Just what is a cocktail? One web-searched definition says:
“An alcoholic drink consisting of a spirit or several spirits mixed with other ingredients, such as fruit juice, lemonade, or cream.”
Cocktail guru Mittie Hellmich in The Ultimate Bar Book offers this more classical and constructivist definition:
“A cocktail is made up of three principal components, the base alcohol, a body or modifier, and the perfume or flavoring agent.”
So, bourbon on the rocks is a drink, but not a cocktail. A margarita is a cocktail: the base of tequila, the body of orange liqueur, and the perfume of lime or lemon juice plus simple syrup.
Yes, the perfume can have multiple components. So too can the body. These secondary spirits can easily number more than one. Some Caribbean cocktails will sport three or four or more spirits seeking to enchant and complement a base of rum.
Which leads us to simple syrup. Naturally, there is no such thing. Look up recipes and you’ll find three major considerations:
- What should the ratio of sugar to water be: 2-to-1 or 1-to-1?
- How are the sugar and water actually combined?
- What kind of sugar to use?
We need the sugar syrup, notes Dale DeGroff in The Essential Cocktail, because we are often using freshly squeezed lemon and lime juice. A sweetener is essential for flavor balance. But you cannot just add sugar to your raw cocktail mix because it will not dissolve properly in the alcohol and fruit juice. There will be little crystals that you will sense as you drink. Not smooth. Not enjoyable.
You do need a sugar syrup. The older recipes call for a concentration of 2-to-1, sugar to water. Sometimes that kind of syrup is called dense or intense. It’s very sweet and packs sweetening power in a small volume. In the past, cocktails were smaller and you had less volume to add to achieve sweetness. Today, cocktails, and cocktail glasses, are bigger. There is more room for ingredients and you really need the larger volume of a less intense syrup to help fill the glass.
You’ll find a wide range of cooking techniques for sugar syrup:
 Combine cold water and sugar, heat to boiling, stir until dissolved
 Once dissolved in , keep on simmering for a few minutes
 Bring water to a boil, remove from the heat and stir in the sugar
 Bring water to a boil, add the sugar, and cook until dissolved
I prefer option . I have, of course, forgotten the syrup was on the stove. Cooked for an hour, they syrup becomes thick, golden and rich. I recommend simmering for about 5 minutes, until there is just the first dawn of color in the syrup.
Lastly, what sugar to use? White,superfine, brown of some kind, turbinado, … It’s up to you, although I generally stick to plain white. Dale DeGroff suggests a brown sugar syrup to go with rum drinks and that is a solid idea. [Pun there: solid, syrup?]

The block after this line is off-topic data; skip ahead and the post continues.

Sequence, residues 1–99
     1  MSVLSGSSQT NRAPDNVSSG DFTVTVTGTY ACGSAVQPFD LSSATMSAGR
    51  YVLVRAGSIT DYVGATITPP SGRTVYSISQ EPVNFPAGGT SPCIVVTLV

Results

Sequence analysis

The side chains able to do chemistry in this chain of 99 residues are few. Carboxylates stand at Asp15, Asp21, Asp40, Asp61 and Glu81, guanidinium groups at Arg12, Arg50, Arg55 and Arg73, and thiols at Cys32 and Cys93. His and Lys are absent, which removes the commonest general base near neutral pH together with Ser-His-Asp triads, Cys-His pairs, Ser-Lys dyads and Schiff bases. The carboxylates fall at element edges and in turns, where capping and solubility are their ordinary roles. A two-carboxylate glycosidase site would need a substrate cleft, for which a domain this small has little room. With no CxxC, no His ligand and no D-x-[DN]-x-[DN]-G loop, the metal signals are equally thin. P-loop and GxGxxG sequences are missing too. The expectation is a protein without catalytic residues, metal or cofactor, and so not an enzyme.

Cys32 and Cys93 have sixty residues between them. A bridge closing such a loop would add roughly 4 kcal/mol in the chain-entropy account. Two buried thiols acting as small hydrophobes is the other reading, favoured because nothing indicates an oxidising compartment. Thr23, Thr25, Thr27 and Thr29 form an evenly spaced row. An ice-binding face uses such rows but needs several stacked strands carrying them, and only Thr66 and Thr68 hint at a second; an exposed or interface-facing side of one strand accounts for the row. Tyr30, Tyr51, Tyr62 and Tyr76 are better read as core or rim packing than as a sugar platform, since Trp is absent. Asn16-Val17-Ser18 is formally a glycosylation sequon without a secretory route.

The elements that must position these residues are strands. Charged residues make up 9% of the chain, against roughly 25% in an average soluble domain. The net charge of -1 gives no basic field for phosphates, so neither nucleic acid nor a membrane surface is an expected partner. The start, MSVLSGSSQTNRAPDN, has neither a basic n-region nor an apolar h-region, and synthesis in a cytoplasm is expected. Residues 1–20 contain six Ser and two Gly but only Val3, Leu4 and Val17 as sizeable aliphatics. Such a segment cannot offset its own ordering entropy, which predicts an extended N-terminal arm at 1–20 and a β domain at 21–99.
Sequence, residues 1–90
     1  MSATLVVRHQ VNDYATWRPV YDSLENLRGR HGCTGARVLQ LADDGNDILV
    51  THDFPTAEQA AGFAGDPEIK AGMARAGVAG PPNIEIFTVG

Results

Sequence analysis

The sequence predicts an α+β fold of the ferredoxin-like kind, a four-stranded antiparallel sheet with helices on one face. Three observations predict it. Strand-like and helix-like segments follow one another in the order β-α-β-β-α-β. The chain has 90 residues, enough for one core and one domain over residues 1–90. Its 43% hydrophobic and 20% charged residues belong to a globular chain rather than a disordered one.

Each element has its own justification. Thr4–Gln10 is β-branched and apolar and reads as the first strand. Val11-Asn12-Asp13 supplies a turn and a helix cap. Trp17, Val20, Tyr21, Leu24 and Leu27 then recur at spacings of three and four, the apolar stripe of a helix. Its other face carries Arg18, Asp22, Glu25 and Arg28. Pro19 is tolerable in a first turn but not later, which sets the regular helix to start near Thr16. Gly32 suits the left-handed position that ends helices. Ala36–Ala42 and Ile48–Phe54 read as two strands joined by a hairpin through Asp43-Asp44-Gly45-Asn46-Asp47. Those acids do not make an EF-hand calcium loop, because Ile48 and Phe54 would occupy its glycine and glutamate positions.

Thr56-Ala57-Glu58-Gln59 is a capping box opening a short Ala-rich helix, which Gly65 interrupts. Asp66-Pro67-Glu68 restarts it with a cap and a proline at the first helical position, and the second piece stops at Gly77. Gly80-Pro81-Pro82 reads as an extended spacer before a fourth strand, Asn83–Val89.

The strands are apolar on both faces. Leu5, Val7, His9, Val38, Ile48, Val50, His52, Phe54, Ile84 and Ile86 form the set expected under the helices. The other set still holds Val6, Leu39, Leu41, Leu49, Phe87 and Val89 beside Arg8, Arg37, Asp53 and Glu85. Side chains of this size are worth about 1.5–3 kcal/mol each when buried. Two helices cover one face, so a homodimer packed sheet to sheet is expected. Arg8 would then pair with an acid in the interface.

Syrups will last a week or a bit more in the refrigerator unadorned. You can add a shot of lemon juice or rum or vodka to serve as a preservative. Keep the syrup, without a preservative, in your refrigerator for too long and it becomes a science experiment. In which case, you need to throw away BOTH and syrup AND the container. Sterilization usually works. Not always. You do not want to actually participate in the science experiment.
Over the coming months, sugar syrups will appear in abundance. The syrups and matching beverages, some alcoholic and some [really truly] not.
This post is not about hamburger. Or roast beef. Or ribs. Or milk.
Let me explain explain.
What’s in a name? Once upon a time, a “Brown Cow” was vanilla ice cream, chocolate syrup and Coca-Cola. Quickly, the Pepsi people responded. And then there were Brown Cows made with both Coke and root beer. The marketing people in beverages are aggressive and creative.
From the folks at the milestone bakery Baked in Brooklyn, here is an adult version of the Brown Cow. Gone is the soda, any soda. In is Kahlua. The chocolate syrup is replaced by a rich mixture of real time hot cream and chocolate. It’s rich and it’s real.
We advise you to not drink this after 10PM. We do not wish to encourage insomnia.
Baked Brown Cow
Yield: 2 servings
- 3 ounces dark chocolate [60% to 72%], coarsely chopped
- ¼ cup plus 1 tablespoon heavy cream
- 2 huge scoops [about 2 cups] premium vanilla ice cream
- 2 shots coffee-flavored liqueur [such as Kahlua]
- Freshly grated nutmeg
Put the chocolate in a small heat proof bowl. In a small pot, bring the cream just to a boil. Immediately pour it over the chocolate. Let the mixture stand for 1 minutes, then stir until smooth. Spoon about 2 tablespoons of the chocolate mixture into the bottom of an old fashioned glass. Using the back of the spoon, spread the sauce evenly in the bottom and slightly up the sides of the glass.
Dividing the ice cream between the glasses and let stand for about 5 minutes to melt slightly. Pour one shot of Kahlua over each serving and garnish with a dusting of nutmeg. Serve immediately with large spoons. Consume at your own pace.
Source: Baked [New Frontiers in Baking] by Matt Lewis and Renato Poliafito